A bright red Skoda, the main automotive output of Communist Czechoslovakia, crushed by a huge weight, welcomes visitors at the entrance (read into that whatever defiance of the regime you will). On reception, a bored-looking girl hands me cool postcards decorated in the museum’s symbol, a psychedelic likeness of Warhol wearing a hat shaped like the church outside the doors, and ushers off the only other attendant, a much older lady, to open up all sections of the museum in readiness. There is something comical in all this – a visitor showing up to look round an attraction and startling the staff out of their catatonic stupor by so doing, then having an elderly babka (grandmother) scuttling ahead of me turning on the Velvet Underground soundtrack up on full volume to get the tour started, flicking the lights of each successive wing of the exhibits to illuminate the larger-than-life likenesses of Andy, then slinking back round to the doorway by which I had entered to observe me guardedly.

To begin with I ascend a wide staircase headed up by a statue of the man with camera hung in ever-readiness to snap shots around his neck (now the tables have turned full circle and he is the one who is ‘snapped-after’, I think) to where there is a touching montage on the Warhol family’s early (and very tough) life. This section is mostly presented in sepia, and it clashes most poignantly with what comes next – two vibrant, open rooms filled with Warhol’s originals alongside other Pop Artists such as Roy Lichtenstein and Jean-Michael Basquiat, plus sketches by Andy Warhol’s mother (artistic genius ran in the family quite clearly, as she was a talented embroiderer). Campbell’s soup cans, Marilyn – all the iconic works are there in some form. In total there are over 20 originals by Warhol here, including two of those soup cans, and perhaps most poignantly given the location of the exhibition, the the artist’s portrayals of Lenin and the Hammer and Sickle. There are several pictures from his endangered species series too. The extent of what Warhol achieved, coming from such humble origins, is powerfully portrayed: Warhol’s journey from monochrome to dazzling colour, from the obscure east of Czechoslovakia to stardom in the States. One could take the analogy further: the story of the museum’s founding was a controversial one; it, too, struggled to ever see the light of day, and it took some strong supporters, including the playwright-president of the new post-Communist Czechoslovakia, Václav Havel, to make it happen at all.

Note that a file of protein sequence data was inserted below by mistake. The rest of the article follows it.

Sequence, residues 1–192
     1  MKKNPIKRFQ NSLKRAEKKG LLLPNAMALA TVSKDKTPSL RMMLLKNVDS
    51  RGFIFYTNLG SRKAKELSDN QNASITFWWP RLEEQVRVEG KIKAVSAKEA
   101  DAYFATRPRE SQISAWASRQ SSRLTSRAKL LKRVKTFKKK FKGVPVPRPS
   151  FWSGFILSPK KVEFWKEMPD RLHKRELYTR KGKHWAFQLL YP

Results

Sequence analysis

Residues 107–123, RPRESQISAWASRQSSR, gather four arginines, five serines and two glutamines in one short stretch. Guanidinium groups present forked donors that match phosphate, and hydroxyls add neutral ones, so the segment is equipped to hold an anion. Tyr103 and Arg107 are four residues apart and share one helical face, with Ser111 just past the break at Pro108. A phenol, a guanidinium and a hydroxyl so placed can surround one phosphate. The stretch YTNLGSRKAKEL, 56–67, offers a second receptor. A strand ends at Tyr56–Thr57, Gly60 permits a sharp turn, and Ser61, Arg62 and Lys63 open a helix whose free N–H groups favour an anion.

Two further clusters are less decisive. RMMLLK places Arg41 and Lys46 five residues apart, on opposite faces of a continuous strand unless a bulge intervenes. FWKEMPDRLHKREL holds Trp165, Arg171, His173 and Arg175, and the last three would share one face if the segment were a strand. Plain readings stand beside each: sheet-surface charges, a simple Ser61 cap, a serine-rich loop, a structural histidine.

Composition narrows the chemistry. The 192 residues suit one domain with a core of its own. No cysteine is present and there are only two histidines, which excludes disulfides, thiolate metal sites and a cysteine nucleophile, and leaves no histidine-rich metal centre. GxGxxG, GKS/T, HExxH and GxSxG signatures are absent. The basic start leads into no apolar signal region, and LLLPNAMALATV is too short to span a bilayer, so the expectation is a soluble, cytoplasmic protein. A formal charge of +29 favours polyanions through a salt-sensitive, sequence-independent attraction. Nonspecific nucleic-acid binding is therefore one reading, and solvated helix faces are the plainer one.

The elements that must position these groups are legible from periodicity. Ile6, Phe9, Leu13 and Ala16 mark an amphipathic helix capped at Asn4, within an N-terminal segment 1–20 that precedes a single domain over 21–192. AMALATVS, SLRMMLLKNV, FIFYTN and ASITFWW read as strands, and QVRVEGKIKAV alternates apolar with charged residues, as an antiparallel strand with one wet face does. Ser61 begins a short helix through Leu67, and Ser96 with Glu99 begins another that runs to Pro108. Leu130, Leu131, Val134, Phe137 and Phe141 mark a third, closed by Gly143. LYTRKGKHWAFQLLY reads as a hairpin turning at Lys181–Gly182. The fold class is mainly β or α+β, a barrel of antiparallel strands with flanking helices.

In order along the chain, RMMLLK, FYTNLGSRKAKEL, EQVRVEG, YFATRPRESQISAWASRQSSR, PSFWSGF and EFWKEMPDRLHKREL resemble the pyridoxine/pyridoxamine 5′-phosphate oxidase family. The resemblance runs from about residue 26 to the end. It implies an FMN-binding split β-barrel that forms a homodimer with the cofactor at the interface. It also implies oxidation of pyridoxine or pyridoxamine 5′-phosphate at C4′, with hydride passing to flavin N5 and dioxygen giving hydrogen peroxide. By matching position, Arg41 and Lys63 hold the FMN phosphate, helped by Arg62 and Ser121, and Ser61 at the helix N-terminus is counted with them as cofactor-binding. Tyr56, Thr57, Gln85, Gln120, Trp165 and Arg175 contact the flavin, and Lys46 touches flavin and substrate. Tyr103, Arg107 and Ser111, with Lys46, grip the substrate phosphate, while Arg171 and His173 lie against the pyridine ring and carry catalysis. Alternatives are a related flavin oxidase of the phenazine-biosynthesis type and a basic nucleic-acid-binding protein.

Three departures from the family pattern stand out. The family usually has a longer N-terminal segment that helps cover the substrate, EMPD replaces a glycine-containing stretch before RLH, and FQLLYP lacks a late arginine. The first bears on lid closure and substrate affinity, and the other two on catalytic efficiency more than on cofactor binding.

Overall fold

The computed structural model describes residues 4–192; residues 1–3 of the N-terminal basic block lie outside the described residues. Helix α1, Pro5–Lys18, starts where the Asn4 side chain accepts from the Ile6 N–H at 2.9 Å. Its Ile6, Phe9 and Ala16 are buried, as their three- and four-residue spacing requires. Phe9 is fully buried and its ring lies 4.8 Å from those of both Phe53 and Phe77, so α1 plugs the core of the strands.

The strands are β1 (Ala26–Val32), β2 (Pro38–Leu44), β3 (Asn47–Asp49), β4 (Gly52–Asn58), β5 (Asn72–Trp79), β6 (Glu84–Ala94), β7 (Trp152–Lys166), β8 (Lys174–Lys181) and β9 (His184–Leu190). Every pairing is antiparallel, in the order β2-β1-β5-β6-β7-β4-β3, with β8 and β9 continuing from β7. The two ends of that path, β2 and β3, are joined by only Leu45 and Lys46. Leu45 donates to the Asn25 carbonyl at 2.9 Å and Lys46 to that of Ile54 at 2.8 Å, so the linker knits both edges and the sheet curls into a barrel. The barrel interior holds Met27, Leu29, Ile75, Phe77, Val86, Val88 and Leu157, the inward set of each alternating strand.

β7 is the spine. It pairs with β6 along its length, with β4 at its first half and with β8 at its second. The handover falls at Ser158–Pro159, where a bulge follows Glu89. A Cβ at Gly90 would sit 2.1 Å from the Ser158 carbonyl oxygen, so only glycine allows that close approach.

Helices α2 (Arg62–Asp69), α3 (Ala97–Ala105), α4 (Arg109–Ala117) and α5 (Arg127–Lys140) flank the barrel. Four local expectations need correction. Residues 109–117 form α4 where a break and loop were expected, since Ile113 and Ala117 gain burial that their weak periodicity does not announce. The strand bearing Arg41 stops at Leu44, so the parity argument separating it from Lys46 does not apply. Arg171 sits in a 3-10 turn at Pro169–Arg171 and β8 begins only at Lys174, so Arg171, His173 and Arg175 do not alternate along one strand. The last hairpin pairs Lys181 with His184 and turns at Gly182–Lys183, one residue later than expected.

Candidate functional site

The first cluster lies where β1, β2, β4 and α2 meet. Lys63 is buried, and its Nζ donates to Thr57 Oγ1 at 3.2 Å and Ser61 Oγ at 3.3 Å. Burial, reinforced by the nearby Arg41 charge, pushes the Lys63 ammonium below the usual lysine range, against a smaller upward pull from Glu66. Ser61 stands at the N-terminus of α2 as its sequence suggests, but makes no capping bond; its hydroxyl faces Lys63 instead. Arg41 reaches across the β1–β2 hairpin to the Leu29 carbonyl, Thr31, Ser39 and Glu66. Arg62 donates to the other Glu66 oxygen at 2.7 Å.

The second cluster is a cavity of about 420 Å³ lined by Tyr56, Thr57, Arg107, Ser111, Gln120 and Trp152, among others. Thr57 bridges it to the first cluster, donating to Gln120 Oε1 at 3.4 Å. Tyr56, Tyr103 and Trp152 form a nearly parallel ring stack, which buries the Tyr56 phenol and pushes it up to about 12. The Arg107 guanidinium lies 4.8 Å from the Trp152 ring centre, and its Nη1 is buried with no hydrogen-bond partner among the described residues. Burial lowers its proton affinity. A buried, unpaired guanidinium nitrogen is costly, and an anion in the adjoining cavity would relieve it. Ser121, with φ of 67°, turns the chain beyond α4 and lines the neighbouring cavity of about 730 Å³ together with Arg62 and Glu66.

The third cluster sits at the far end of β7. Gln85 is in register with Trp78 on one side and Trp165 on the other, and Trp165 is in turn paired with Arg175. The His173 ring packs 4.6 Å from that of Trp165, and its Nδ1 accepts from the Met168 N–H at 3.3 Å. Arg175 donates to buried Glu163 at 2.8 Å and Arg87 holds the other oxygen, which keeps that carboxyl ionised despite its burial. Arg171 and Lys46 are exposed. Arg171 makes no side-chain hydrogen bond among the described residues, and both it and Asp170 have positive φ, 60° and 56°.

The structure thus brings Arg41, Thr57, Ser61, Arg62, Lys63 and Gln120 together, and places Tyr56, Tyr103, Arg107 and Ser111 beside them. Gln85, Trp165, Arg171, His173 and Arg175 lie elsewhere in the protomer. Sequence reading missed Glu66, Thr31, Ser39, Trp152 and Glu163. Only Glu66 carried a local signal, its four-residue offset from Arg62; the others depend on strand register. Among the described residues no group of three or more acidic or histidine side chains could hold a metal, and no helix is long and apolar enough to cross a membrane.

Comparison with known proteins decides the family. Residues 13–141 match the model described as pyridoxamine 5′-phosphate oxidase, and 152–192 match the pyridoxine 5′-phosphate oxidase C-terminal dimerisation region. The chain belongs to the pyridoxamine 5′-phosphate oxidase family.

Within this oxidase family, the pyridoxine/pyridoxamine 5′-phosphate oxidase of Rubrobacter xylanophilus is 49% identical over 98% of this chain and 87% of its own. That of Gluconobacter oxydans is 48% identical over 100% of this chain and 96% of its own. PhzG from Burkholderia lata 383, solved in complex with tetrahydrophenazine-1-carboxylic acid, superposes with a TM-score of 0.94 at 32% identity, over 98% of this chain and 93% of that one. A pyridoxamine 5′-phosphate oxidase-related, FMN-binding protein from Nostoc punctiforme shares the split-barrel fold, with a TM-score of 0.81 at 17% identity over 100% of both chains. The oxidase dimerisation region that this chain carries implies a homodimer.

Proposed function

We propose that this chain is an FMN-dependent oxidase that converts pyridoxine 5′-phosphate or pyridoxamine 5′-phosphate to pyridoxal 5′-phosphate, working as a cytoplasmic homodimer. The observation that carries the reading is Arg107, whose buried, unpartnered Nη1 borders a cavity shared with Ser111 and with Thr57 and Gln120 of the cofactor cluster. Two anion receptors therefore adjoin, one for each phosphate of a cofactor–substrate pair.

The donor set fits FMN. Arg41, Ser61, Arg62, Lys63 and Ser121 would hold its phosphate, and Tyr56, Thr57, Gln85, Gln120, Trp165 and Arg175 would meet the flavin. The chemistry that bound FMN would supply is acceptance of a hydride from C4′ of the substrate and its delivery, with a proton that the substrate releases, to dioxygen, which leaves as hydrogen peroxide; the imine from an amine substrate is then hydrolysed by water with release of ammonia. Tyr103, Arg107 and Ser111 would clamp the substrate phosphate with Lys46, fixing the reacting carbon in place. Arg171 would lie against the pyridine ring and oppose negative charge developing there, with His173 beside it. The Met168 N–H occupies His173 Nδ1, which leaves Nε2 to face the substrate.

The entrance to the museum ©www.englishmaninslovakia.co.uk

It would be easy for a museum like this to allow tumbleweed to start blowing. Hardly anyone comes here – which given the world-class art on display is a truly incredible statistic in itself. But not only is the museum laid out with a modern vision, with love and with attention to detail, it also works on embellishing its collection. The most recent additions were Warhol’s Hans Christian Andersen set of pictures, as well as the artist’s depiction of US Senator Ted Kennedy, and an eye-catching series of portraits by the enigmatic female street artist, Bambi (her Amy Winehouse picture particularly impresses) which more or less continue in the same vein of celebrity sketching where Warhol left off.

And when a barely-decent amount of time has passed, the babka is switching the lights off again behind me (no other visitors expected today, it seems), plunging these wonderful exhibits back into darkness again for who knows how long?

MAP LINK: (Showing every part of Medzilaborce, indeed, that you could ever wish to know about)

OPENING: 10am to 5pm Tuesday to Friday, midday to 5p Saturdays and Sundays (May to September) 10am to 4pm Tuesday to Friday, midday to 4pm Saturdays and Sundays (October to April) – there’s a fairly decent museum website but it’s almost all in Slovak

ADMISSION: 3,50 Euros (adults), 1.70 Euros (children).

NEXT ON THE JOURNEY: From the Andy Warhol Museum of Modern Art, it’s 90km southeast to Slovakia’s easternmost village, Nova Sedlica, and the start of a fascinating hike into the Poloniny National Park

From the outside... ©www.englishmaninslovakia.co.uk

From the outside… ©www.englishmaninslovakia.co.uk